April 4, 2008

Suburban New York vs Boston Rail Service: Ours is worse in every way

My parents live 3 miles farther away from Manhattan's Penn Station than I do from Boston's South Station, so comparing commuter rail service from each home is a reasonable endeavor. Of course, New York is a much larger city, so suburbs there are more densely populated 20 miles out than they are here. So, I expect that trains run more frequently on Long Island, especially off peak  (33% more into the city between 9 am and 5 pm). And, that stations are more convenient to more people on Long Island than they are here (by the time I drive the 6 miles south to get to the Framingham commuter rail station, I could be close to one-third of the way into Boston if I headed east instead.)

However, I do expect it to take a shorter amount of time to get from Framingham to Boston by rail than it would to travel the longer distance between my parents' home and New York City, especially since they need more stations to serve a more densely populated area. Yet it's just a 40-minute trip on Long Island, while most trains on the Framingham line are slated at just under an hour (56 minutes).

In other words: It usually takes about 50% longer to travel a shorter distance by commuter rail in Boston's western suburbs than on Long Island.



  1. 6 weeks ago - give or take - i took my first ride on the NY commuter rail to Grand Central. it made it that much harder to go back to the MBTA/MBCR. The trains were so nice, there was lots of parking at the station I parked at and, granted it was a long ride (76 min to the city) it was blessfully smooth. it made me understand why people live in the burbs and work in the city - at least in NYC, I understand it.


  2. New York is the only city in America where a majority of people take public transit to work. There's a critical mass of political support for mass transportation, and it shows. Unfortunately that's unusual in this country.

  3. I commuted to downtown Boston daily from Framingham for about five years.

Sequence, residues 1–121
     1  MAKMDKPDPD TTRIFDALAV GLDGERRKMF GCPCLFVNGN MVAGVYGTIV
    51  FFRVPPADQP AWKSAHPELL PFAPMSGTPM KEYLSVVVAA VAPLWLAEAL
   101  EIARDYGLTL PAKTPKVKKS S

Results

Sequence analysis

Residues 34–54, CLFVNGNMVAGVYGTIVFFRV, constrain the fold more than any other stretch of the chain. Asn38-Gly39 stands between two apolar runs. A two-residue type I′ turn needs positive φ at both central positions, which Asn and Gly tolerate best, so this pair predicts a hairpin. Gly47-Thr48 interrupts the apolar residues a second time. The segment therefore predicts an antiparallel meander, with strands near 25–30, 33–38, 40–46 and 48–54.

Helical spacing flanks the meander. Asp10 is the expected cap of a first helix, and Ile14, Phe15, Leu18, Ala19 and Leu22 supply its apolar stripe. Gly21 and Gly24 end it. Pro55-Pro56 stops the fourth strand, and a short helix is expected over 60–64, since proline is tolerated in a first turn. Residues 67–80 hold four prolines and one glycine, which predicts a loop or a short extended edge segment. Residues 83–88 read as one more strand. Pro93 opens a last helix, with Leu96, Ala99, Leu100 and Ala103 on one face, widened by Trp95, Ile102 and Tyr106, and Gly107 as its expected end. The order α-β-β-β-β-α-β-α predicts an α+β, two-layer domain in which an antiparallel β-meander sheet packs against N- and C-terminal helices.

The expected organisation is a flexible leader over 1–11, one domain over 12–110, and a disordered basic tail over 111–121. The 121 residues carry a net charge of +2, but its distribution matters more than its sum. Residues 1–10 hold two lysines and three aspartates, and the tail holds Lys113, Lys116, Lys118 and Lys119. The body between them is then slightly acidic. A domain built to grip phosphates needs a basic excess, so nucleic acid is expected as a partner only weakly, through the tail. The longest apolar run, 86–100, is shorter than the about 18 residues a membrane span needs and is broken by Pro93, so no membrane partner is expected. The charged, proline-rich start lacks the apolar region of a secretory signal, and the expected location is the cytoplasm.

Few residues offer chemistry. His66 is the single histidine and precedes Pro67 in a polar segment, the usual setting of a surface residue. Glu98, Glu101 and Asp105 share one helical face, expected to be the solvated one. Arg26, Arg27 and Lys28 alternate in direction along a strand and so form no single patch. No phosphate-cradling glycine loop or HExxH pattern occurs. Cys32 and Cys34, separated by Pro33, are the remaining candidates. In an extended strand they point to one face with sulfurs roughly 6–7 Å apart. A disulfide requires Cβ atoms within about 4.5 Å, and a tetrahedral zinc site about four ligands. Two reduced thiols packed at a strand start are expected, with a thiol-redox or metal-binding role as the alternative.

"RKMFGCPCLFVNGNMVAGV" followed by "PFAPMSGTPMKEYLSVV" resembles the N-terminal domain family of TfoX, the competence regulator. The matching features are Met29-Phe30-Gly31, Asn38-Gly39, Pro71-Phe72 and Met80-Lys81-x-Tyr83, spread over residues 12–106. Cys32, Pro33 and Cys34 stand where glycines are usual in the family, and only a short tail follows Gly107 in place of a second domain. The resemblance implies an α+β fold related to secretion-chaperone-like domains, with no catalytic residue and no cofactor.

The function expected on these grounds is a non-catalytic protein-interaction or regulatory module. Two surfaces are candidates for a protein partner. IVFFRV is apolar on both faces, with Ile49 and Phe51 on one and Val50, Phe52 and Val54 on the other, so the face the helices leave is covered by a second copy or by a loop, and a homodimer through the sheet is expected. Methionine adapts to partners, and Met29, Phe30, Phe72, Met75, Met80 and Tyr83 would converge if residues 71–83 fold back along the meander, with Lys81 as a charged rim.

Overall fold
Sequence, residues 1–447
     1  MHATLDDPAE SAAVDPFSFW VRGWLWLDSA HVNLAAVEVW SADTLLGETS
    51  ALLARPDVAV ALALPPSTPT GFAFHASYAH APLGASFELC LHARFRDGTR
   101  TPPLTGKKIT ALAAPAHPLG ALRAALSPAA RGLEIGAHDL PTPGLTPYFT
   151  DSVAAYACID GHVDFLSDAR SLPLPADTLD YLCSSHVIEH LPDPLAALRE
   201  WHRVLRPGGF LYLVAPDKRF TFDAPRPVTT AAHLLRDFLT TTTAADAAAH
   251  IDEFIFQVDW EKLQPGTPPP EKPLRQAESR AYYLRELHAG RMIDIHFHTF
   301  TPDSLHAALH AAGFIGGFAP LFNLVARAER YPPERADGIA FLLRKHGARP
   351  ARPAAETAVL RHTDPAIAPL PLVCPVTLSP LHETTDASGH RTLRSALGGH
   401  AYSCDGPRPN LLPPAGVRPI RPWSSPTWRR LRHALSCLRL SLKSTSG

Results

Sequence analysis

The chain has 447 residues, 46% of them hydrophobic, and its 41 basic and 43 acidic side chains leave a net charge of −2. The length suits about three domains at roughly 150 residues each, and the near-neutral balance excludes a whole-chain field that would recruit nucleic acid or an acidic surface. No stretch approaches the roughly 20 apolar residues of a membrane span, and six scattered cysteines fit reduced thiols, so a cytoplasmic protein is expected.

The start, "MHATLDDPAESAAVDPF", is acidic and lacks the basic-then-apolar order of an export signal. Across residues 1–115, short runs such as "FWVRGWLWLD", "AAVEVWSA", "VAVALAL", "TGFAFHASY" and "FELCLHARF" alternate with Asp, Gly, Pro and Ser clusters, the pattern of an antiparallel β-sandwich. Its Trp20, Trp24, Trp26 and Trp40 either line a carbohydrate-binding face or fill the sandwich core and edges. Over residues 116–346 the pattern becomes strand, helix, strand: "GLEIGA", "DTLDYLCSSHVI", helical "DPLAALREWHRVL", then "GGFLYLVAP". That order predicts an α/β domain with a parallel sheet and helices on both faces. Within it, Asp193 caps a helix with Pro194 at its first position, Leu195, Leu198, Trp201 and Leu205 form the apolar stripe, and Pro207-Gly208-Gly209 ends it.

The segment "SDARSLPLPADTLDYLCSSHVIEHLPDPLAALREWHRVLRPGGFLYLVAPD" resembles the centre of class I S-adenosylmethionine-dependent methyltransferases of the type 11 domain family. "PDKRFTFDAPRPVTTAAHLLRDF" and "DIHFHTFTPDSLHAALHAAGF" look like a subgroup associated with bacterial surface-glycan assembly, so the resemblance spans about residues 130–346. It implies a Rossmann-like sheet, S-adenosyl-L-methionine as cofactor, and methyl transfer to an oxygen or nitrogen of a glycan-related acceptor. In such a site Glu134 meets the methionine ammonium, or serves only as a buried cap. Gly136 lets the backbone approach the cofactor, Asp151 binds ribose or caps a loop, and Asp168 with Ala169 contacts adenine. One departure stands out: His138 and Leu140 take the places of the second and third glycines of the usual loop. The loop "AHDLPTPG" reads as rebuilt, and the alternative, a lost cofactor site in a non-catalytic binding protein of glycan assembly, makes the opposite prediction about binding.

While it was not ideal, at least there *is* a commuter rail. Not the case in most areas of the U.S. I lived on the South Shore for most of my life before moving here, and waited in vain for years for the commuter rail to Scituate to be re-built. I moved to Marshfield in 1992 and was told the commuter rail was coming soon. Meanwhile I had to drive or take a bus *20 miles* each way to get to the Red Line in Braintree to get to Boston.

    Finally, the commuter rail to Scituate started up last year, 15 years later!

    So despite the frustrations with the Framingham to Boston rail line, at least it's been there as an option for a long time. My biggest frustration was parking. I was going to the West Natick station, and if you were not there by 6:30 a.m. the lot was full. Not exactly the best way to encourage ridership.

  4. I can tell you that as long as the public thinks "at least we have service, even if it's bad, I'm grateful for anything," that's what we'll always have - poor service. Which means anyone who's got a reasonable alternative to drive a private vehicle will do so, even if the cost is a lot higher. Which makes a smaller constituency for public transportation, allowing officials to get away with even lousier service. And the cycle spirals downward, ending up with what we have today - constantly late, non-dependable train service.

    Ever hear people who drive cars say, "The roads are littered with potholes so you can't drive over 30 mph on the highway anymore. But at least we have paved roads! There are Third World countries that don't even have paved roads!" Of course not. That's because auto drivers expect their government to provide proper infrastructure. That expectation isn't always met, but it's there.

    Until there's a similar expectation of and demand for affordable, reliable, convenient, efficient, reasonably quick, on-time public transportation, we'll never have it.